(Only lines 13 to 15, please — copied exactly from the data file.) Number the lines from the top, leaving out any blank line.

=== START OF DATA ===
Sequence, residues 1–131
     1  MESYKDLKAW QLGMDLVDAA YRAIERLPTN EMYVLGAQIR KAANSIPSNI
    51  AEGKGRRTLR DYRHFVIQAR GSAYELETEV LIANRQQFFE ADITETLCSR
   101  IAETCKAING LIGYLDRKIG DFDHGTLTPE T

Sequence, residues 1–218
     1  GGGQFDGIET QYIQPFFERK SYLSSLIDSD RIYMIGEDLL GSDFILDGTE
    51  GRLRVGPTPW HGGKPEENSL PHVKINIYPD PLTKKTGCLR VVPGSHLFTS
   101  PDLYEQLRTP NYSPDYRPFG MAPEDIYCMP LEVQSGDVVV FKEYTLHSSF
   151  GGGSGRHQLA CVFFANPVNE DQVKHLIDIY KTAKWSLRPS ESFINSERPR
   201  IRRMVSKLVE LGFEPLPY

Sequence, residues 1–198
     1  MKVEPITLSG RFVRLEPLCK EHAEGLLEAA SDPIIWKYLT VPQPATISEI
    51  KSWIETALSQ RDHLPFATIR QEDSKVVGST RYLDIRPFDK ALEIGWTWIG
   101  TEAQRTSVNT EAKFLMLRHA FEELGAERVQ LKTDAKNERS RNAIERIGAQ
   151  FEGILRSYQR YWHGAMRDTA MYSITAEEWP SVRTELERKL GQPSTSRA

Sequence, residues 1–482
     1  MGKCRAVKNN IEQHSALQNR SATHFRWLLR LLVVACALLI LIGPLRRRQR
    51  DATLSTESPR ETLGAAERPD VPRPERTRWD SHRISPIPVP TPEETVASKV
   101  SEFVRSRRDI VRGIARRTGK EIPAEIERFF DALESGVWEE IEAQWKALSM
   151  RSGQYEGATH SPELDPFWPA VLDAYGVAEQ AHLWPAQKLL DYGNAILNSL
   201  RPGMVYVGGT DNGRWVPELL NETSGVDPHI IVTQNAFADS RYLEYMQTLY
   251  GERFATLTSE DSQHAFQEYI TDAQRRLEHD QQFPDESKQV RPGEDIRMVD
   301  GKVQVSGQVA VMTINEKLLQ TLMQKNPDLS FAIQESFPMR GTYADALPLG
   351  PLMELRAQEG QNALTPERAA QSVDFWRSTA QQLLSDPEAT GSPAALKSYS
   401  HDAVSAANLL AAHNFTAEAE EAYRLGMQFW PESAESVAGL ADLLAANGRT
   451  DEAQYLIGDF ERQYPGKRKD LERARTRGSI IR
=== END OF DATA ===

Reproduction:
    51  KSWIETALSQ RDHLPFATIR QEDSKVVGST RYLDIRPFDK ALEIGWTWIG
   101  TEAQRTSVNT EAKFLMLRHA FEELGAERVQ LKTDAKNERS RNAIERIGAQ
   151  FEGILRSYQR YWHGAMRDTA MYSITAEEWP SVRTELERKL GQPSTSRA